If you cannot—in the long run—tell everyone what you have been doing, your
doing has been worthless.

—Erwin Schrödinger

You may wonder why I chose to write this book now. More than a decade ago, I
was approached by several major publishers, but I decided not to proceed. Yes,
authoring a book gives one credibility and prestige and maybe even boosts one’s
ego. Although the offers were tempting, I hesitated. I thought to myself, Why
should I give away all my hard work for a relatively small sum of money,
especially since most people probably won’t apply it correctly? Admittedly, I
was being a bit cynical. Then I realized that if even one individual put forth the
effort that I did in my earlier years, perhaps my book could help that person
achieve his or her dreams. Perhaps my work could make a real difference for
someone else; perhaps that someone is you.

Since my early twenties, I have been inspired by the words of Dr. Wayne Dyer,
the internationally known motivational speaker and author. Not



C H A P T E R 1

A N I N T R O D U C T I O N W O R T H R E A D I N G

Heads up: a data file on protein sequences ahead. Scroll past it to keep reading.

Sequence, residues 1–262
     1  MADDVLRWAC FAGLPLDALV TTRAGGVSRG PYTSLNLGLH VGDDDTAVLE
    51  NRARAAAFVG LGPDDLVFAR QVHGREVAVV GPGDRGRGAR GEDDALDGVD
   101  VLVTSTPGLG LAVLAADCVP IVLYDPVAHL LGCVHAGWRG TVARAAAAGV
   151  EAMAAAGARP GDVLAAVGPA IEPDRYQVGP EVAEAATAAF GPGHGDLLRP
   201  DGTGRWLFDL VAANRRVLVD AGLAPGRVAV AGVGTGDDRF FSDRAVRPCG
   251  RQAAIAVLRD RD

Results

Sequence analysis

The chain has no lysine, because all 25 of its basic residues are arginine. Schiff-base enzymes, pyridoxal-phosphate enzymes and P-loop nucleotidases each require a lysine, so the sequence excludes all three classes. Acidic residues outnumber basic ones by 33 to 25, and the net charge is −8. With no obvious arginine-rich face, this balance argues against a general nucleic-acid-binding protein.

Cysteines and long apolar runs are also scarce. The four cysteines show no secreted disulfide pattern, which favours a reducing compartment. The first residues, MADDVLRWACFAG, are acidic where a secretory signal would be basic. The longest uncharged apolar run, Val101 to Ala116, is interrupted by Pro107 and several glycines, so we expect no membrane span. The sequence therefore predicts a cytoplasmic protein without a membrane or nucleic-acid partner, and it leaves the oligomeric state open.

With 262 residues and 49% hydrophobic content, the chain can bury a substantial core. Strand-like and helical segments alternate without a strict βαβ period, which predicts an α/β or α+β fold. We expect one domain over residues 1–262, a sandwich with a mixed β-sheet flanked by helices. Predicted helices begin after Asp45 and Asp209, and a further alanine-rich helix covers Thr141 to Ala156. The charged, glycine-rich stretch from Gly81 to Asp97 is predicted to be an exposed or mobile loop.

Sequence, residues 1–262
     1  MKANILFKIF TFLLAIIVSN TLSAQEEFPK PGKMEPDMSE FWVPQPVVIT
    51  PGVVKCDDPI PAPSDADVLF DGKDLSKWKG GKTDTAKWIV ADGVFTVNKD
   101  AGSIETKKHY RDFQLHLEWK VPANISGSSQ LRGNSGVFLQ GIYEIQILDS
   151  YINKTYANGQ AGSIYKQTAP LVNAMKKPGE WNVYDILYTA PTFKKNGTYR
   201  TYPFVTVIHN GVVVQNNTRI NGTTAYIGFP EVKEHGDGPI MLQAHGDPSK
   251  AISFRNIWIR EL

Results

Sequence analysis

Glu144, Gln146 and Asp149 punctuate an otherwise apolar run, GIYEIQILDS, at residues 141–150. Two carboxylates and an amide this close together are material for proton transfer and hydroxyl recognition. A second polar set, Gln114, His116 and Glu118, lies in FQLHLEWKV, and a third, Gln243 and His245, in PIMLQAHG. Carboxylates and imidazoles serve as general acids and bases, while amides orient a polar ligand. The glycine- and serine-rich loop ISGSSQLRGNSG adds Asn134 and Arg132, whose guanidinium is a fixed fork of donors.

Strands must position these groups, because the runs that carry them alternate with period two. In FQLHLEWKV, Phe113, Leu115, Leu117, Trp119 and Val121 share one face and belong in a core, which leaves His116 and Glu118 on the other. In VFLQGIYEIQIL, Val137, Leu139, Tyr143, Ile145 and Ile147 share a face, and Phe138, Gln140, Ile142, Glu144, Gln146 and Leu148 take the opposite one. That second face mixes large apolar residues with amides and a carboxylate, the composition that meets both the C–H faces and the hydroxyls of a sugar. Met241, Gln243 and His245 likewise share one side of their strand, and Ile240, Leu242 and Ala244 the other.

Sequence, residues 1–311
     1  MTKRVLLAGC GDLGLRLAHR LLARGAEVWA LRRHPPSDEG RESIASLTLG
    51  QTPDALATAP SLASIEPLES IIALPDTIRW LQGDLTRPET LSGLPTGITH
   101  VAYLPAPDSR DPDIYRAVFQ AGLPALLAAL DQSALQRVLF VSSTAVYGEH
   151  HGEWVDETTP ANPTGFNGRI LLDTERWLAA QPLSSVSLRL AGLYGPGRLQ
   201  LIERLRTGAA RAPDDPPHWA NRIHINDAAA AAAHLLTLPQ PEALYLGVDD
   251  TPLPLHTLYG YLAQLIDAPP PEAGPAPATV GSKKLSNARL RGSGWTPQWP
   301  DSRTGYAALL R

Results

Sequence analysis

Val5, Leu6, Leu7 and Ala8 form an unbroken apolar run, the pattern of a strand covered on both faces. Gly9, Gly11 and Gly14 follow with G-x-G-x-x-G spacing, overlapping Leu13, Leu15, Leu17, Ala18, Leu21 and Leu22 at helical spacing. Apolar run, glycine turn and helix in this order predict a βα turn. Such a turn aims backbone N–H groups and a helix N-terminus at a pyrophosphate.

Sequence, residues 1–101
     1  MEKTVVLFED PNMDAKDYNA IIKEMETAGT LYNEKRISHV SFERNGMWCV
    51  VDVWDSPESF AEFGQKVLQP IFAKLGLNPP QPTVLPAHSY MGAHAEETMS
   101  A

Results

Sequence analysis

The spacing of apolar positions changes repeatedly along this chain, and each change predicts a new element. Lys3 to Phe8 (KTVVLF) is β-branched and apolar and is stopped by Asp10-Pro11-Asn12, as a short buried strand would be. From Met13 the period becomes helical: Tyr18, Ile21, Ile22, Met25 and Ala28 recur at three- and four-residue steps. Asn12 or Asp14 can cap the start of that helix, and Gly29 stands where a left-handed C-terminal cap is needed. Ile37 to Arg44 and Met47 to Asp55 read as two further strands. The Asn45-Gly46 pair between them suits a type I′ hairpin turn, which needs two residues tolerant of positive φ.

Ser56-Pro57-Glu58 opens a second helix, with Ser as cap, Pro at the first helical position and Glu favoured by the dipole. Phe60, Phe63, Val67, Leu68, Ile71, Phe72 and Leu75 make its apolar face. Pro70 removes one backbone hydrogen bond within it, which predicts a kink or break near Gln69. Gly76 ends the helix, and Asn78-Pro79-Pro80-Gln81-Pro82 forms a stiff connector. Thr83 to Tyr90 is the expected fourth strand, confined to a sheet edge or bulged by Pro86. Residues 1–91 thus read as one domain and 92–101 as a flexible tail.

9

long ago, I reread his book 10 Secrets for Success and Inner Peace, in which
there is a chapter titled “Don’t Let the Music Die Inside You.” That chapter
really struck a chord with me. My father died relatively young, in his fifties.

Later, my mother became sick and recently passed after a long battle with an
illness. This prompted me to think about my life. Over the years I have
accumulated a treasure chest of knowledge and expertise. I came to the
realization that it would be a waste to let it all just fade away. Books written by
great traders provided me with a foundation to build on—a passing of the torch,

one might say. Similarly, I would like others to benefit from and further advance
my work.

The stock market provides the greatest opportunity on earth for financial reward.
It also teaches great lessons to those who win and those who lose, an education
that goes well beyond trading and investing. Without a doubt, the stock market
gives you incredible exhilaration when you win and deep humility when you
lose. It is the greatest game on earth, and for me it has proved to be the greatest
business opportunity on earth.

To realize profits from investing in stocks, you must make three correct
decisions: what to buy, when to buy, and when to sell. Not all of your decisions
will turn out to be correct, but they can be intelligent. My goal is to assist you in